For people who live in a wine growing region, my husband and I do embarrassingly little wine tasting of late. (Chasing a toddler around a winery tends to undermine the urbane experience.) We acknowledge this shortcoming and have resolved to get out and imbibe in more of the local wine culture in 2011; not mention more time with just the two of us. When one of my daily Groupons announced an opportunity for a “Private VIP Reserve Wine Tasting and Small Bites for Two at Chateau St. Jean” I clicked “Buy!” and our date was on!

It was pouring rain on the day we drove up to Kenwood but looking at the wet green landscape my husband remarked “It IS beautiful up here.” It truly is beautiful up here. We know it and often comment on it but sometimes it hits home in a way that makes you recognize it on a whole new level (or maybe the absence of our backseat copilot gave us more time to really notice). Even the wipers whipping back and forth across the windshield didn’t detract from the rich rolling scenery; it was just so lush and perfectly gorgeous.

A long vineyard flanked driveway greeted us as we approached Chateau St. Jean; the stately winery is nestled at the base of a mountain proudly looking out over its 250 acres of wine growing terrain. The property’s original chateau has been eclipsed in sized by the winery operations that rise up behind it but the distinguished building still dominates the property with its classic style. An inviting Mediterranean garden leads the way from the parking lot to the main tasting room where we checked-in for our VIP experience. While we waited for two more tasters to join our group we wandered the garden, perused the gift shop, and lingered longingly at the delectable charcuterie.

Our tasting took place in the chateau, just steps from the bustling tasting room but with a very different atmosphere. Built in 1920 as a vacation home, the chateau is classy in a way that can only be earned through time; it has a gently worn elegance and a long forgotten attention to detail that creates an understated grandeur. The “chateau” in Chateau St. Jean refers to this building. The warm wood paneled parlor hosted a smaller wine tasting room and was alive with people but the rest of the house sat quiet. We took a peek around as our guide lead us upstairs to one of the small VIP tasting rooms.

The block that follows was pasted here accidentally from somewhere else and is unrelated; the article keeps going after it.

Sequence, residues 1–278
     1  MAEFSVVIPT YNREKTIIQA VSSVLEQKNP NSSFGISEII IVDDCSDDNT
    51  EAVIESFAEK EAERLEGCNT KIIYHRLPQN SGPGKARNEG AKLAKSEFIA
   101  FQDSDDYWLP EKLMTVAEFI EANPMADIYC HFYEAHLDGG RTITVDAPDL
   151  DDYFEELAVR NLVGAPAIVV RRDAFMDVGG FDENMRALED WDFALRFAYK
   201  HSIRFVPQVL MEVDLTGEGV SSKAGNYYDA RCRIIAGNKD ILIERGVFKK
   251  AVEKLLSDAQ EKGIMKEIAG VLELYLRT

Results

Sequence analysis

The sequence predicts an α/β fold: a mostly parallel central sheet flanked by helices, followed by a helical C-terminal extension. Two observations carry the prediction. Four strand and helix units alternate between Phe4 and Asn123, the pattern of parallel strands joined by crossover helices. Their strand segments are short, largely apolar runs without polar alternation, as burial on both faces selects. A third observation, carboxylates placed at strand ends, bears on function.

Our tasting room was probably a bedroom at one time but we arrived to find a table neatly set out with four tasting stations, each with a small plate of cheeses, olives, and bread to go with our wines. Our tasting guide sat at the head of the table where five reserve and limited production wines waited for our sampling. Walking through each wine with a knowledgeable wine person made for a much more rewarding wine tasting experience. I was able to better understand the different qualities associated with the winery’s various vineyards, spread out across the Sonoma County wine growing region (Sonoma, Russian River, Alexander Valley, and the Sonoma Coast), and more astutely appreciate the skill that goes into selecting and blending the grapes. We concluded with a tasting of their Cinq Cepages 2007, a wine that is noteworthy in its selection and blending; each year the winemaker selects a blend of five Bordeaux varietals to create this wine and each year it is an entirely different creation. It earned Chateau St. Jean the Wine Spectator Magazine “Wine of the Year” award back in 1999, making it the first Sonoma winery to receive this honor. Cinq Cepages was just the right finish our VIP tasting.

Leaving the chateau I felt a slight stagger in my step, just enough to feel light and bouncy, the weight of life momentarily lifted by the mighty grape elixir. It had been an experience worth remembering and Chateau St. Jean is definitely a winery worth revisiting. As we hurried through the pouring rain to our car we were already planning about our next visit; hopefully a drier one, in terms of the weather anyway.

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